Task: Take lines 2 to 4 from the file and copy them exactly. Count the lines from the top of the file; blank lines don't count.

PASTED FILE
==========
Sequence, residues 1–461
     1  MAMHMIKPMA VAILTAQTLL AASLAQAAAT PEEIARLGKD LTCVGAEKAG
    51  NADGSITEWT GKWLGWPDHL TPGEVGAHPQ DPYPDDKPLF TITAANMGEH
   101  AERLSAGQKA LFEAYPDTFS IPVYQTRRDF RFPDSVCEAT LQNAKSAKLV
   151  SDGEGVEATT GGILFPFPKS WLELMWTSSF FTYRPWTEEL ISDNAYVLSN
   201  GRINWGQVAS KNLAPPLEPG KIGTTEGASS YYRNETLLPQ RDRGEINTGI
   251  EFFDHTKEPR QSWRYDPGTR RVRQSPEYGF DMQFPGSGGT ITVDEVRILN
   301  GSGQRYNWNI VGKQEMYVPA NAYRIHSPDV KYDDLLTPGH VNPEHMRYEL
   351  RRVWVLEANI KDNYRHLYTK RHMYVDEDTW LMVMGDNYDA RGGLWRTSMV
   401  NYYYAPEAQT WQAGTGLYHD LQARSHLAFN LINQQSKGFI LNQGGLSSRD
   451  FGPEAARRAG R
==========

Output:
     1  MAMHMIKPMA VAILTAQTLL AASLAQAAAT PEEIARLGKD LTCVGAEKAG
    51  NADGSITEWT GKWLGWPDHL TPGEVGAHPQ DPYPDDKPLF TITAANMGEH
   101  AERLSAGQKA LFEAYPDTFS IPVYQTRRDF RFPDSVCEAT LQNAKSAKLV